Amid all the excitement over Philly’s first green roof bus shelter two weeks ago, we buried some really big news that happened the same day: Mayor Michael Nutter released the 2011 Greenworks Philadelphia Progress Report. The second annual update on the status of Greenworks—the mayor’s 2009 sustainability plan that aims to transform Philadelphia into America’s greenest city by 2015—can be downloaded here. Of the 151 initiatives outlined in the plan, 135 of them (89%) have been started or completed.

After the jump, a quick list of progress-report highlights from the Philadelphia Recovery Office. But the entire document is recommended reading for anyone interested in the city’s future and the economic and social benefits of urban sustainability.

Accomplishments during the second year of Greenworks implementation include:

  • Launch of EnergyWorks, a comprehensive energy efficiency solutions program offering energy audits and funded by ARRA dollars through the new, regional Metropolitan Caucus, low-interest financing, and certified contractors for home and business owners in the Greater Philadelphia region.
  • Installation of 55,000 and replacement of 30,000 LED traffic signals, saving over $1 million a year in electricity costs.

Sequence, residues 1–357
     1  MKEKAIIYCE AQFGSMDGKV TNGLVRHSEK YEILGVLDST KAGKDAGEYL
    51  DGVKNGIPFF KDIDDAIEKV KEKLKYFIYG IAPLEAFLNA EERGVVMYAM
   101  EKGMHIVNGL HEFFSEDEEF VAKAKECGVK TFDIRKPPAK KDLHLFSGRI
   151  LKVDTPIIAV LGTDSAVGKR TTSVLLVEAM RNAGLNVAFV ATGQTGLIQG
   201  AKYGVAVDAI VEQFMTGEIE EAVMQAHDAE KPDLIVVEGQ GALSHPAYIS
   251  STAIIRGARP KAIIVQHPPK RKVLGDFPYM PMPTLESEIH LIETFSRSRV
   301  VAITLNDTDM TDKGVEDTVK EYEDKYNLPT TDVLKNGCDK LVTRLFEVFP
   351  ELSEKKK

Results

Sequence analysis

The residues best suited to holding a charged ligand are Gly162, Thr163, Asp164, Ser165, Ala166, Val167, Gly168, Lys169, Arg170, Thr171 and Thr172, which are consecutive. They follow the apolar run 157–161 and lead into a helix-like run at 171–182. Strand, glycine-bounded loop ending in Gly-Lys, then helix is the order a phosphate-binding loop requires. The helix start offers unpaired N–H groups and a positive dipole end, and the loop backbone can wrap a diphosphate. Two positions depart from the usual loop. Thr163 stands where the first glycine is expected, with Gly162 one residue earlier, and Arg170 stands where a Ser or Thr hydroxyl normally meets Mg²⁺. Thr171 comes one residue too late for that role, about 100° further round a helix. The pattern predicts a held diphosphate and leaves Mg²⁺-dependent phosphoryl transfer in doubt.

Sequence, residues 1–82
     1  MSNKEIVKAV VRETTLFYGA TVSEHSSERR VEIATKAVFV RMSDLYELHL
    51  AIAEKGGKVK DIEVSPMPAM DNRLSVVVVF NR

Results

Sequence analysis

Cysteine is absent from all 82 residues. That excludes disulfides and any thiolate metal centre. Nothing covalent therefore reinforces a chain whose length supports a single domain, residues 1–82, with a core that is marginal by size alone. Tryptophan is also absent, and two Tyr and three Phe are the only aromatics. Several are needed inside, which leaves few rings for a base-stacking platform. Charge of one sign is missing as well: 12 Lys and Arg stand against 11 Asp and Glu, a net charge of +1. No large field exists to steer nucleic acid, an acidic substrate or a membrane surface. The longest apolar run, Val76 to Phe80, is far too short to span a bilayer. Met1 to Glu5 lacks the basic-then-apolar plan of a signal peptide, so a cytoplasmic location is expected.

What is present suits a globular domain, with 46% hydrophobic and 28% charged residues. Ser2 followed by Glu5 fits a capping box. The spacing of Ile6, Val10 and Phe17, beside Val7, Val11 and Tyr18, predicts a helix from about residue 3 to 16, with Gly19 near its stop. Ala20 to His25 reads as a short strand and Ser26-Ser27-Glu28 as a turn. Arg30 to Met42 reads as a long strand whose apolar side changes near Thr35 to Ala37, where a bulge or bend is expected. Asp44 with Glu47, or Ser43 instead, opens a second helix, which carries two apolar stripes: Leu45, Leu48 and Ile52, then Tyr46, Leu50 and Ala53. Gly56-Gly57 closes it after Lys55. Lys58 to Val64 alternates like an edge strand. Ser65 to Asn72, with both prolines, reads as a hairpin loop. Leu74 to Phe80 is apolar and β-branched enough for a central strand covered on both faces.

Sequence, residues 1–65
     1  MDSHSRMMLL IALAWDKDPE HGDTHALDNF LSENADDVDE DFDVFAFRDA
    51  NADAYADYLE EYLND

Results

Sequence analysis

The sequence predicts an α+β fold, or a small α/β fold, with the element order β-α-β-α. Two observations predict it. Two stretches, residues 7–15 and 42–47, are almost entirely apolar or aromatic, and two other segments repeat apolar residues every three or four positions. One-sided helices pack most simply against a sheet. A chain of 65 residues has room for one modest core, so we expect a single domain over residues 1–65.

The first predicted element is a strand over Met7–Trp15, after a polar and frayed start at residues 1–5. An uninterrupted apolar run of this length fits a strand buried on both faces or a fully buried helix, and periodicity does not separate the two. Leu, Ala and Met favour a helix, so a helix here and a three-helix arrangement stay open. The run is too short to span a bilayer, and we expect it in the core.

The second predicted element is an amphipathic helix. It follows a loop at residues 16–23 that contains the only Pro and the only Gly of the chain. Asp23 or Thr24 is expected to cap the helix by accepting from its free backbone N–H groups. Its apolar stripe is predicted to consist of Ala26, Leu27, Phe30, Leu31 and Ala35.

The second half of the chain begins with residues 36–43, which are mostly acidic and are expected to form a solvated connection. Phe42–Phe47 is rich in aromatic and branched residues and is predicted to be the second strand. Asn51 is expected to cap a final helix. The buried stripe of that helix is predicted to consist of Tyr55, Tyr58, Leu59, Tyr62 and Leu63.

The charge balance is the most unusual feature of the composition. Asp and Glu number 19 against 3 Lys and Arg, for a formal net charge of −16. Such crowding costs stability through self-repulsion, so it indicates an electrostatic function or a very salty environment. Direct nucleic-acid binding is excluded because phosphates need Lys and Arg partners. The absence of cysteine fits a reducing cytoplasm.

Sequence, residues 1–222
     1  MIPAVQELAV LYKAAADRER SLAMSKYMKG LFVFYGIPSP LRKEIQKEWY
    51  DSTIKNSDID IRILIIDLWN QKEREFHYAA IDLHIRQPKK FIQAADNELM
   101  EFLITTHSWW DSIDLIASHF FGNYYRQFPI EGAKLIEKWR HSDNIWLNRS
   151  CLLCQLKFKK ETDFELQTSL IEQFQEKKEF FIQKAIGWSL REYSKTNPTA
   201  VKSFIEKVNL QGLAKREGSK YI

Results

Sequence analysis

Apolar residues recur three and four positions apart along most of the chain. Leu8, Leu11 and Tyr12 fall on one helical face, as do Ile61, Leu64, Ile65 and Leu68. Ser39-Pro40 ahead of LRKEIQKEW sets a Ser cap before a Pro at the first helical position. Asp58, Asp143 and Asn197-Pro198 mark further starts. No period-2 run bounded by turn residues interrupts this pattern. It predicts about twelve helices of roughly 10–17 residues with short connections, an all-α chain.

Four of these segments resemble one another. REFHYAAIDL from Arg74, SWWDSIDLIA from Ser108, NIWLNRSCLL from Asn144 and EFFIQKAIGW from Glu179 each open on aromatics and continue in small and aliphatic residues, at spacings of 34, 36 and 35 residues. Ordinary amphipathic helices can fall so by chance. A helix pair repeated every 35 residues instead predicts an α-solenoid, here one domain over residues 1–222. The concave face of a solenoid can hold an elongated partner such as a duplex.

• Acceptance of Philadelphia Water Department’s Green City, Clean Waters, a groundbreaking stormwater management plan, by the Pennsylvania Department of Environmental Protection.
  • Release of Green2015: An Action Plan for the First 500 Acres, a study establishing green space expansion strategies, by Philadelphia Parks & Recreation and PennPraxis.
  • Philadelphia Department of Public Health’s launch of Get Healthy Philly program to reduce obesity by increasing access to healthy, affordable food and   opportunities for physical activity.
  • Installation of the first City-owned solar project, a 250 kW array at the Southeast Water Pollution Control Plant.
  • Weatherization of over 2,300 homes, saving low-income homeowners money on their energy bills.
  • City Council legislation permitting the use of sustainable materials such as previous pavement for sidewalk paving, and the Streets Department installing the City’s first porous pavement street, which reduces the number of pollutants that enter our waterways and creates safer driving conditions in hazardous weather.
  • Reconstruction of the South Street Bridge with dedicated bike lanes and wider sidewalks, showcasing City’s dedication to complete streets.